One of Royalton Place’s unique innovations is engagement of Personal Preferences into residents’ lives. The goal of our Personal Preferences hinges on using the personal information we learn about our residents from family members, friends and themselves to design services and schedules around their own routines, habits, interests and memories. This award-winning program ensures residents a comfortable transition to their new home while honoring their individuality and personality.
How many meals are provided each day?
To ensure your loved one is eating a healthy, balanced diet during their stay, you’ll also want to verify that the community provides proper nutrition. Does the community offer daily meals and snacks? What types of food are generally offered? Can they provide special meals for those who may have restricted diets, such as those who have been diagnosed with diabetes or certain heart conditions? Do they accept special requests? Is there assigned seating in the dining hall? Are there set meal times, or can your loved one choose when and where they would like to dine?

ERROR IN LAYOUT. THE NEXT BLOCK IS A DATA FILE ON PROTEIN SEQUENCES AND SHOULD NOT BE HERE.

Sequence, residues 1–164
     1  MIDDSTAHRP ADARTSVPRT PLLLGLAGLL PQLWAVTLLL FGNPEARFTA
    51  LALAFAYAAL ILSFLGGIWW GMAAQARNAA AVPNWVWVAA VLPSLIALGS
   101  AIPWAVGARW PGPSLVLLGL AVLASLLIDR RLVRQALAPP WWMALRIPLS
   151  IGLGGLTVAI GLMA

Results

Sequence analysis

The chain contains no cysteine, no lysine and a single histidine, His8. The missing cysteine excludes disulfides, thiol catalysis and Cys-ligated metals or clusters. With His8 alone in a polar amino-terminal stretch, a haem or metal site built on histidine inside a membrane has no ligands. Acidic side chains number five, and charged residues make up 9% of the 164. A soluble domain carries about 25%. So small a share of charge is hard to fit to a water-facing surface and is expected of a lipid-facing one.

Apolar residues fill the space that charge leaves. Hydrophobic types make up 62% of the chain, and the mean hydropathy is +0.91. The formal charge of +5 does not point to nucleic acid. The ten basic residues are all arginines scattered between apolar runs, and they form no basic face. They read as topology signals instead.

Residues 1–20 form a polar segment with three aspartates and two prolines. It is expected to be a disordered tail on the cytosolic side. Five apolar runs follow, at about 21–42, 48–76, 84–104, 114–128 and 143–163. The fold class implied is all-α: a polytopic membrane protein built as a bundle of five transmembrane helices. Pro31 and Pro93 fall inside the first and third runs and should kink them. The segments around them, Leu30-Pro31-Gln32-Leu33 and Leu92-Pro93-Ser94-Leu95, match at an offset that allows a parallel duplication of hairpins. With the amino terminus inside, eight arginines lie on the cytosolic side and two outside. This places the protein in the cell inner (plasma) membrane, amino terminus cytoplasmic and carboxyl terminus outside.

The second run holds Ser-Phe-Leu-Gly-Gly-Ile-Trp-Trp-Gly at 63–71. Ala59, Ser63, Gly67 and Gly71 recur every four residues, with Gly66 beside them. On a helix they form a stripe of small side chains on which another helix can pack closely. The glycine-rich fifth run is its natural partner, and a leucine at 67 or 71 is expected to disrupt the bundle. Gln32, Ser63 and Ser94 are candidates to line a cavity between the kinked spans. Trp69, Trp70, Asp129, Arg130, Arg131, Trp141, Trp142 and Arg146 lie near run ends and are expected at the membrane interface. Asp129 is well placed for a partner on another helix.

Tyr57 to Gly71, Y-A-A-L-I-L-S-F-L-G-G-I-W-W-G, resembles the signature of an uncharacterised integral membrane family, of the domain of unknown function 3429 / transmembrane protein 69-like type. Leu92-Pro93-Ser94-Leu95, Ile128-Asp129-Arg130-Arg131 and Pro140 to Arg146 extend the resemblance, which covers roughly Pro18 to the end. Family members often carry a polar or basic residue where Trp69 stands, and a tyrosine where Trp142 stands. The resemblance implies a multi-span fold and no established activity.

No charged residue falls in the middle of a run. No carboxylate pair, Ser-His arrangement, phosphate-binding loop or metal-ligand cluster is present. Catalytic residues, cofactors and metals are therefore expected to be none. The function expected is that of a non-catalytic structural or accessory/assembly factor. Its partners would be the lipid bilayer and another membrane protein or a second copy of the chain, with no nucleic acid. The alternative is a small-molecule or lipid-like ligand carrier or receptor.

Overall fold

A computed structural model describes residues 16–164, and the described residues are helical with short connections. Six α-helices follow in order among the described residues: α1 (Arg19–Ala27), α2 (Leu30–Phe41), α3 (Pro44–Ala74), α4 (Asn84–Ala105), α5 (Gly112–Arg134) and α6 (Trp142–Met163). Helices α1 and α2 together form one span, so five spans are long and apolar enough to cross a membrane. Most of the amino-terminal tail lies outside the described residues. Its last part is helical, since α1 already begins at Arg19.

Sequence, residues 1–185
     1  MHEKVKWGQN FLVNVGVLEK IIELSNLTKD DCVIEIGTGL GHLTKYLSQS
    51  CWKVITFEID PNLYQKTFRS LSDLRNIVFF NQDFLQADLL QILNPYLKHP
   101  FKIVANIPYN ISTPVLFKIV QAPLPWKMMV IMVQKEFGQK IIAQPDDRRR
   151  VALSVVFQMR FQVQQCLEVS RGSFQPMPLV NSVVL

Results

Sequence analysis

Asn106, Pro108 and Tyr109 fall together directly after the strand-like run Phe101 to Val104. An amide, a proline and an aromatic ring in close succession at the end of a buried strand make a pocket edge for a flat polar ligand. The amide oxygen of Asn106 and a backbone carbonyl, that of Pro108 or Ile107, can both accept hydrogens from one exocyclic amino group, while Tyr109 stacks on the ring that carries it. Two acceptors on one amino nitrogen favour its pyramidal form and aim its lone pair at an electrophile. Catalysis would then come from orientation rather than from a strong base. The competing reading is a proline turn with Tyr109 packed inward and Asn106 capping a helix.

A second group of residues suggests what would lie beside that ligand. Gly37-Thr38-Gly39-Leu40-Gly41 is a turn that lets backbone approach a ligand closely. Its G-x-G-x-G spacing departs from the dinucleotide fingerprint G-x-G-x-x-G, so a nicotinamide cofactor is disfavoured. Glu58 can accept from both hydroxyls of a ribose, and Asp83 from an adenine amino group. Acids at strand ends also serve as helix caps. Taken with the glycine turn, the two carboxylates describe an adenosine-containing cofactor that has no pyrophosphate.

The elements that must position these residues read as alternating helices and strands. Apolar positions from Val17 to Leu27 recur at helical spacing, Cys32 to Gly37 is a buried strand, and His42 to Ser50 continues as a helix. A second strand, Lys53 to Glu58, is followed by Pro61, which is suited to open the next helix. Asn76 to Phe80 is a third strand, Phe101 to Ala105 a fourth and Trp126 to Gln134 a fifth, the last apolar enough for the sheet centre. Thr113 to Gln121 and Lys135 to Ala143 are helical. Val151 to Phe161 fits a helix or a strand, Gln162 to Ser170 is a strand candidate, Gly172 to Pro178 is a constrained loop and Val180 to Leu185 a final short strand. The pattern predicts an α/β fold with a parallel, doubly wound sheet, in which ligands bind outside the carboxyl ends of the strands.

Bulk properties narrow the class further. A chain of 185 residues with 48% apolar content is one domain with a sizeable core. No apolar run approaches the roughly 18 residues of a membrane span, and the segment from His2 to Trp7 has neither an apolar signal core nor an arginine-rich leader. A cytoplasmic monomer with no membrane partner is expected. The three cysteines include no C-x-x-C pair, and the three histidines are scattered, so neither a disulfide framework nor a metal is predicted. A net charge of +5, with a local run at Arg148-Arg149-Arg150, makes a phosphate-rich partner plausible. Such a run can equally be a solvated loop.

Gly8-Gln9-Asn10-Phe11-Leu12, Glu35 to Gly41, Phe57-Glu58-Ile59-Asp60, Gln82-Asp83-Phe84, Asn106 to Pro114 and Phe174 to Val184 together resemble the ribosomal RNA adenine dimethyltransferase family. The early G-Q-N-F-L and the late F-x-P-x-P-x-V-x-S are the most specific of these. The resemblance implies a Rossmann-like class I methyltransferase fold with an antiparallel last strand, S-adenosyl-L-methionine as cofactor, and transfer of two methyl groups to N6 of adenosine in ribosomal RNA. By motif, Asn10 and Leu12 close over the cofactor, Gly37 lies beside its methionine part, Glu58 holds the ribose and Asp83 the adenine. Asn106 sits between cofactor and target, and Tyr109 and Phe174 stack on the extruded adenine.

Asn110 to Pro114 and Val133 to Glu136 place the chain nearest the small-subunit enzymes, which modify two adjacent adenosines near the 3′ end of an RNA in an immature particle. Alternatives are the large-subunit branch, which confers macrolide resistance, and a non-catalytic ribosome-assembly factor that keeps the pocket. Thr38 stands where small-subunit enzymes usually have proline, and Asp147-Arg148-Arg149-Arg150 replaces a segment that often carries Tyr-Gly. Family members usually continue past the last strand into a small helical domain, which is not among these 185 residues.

Assisted Living and Memory Care rents include three meals a day, seven days a week. In addition, a variety of fresh snacks are available all day long.
Do they offer housekeeping services?
Are there housekeepers on staff within the assisted living community? What specific cleaning services do they offer? Is vacuuming, mopping and dish washing included in the cost? Will they be changing the towels and bed linens? Also, how often will they be tidying your loved one’s accommodations? Due to the fact that some residents may not be able to perform cleaning services on their own, such as wiping down counter tops or light dusting, a community that provides full-service cleaning services may be an ideal option.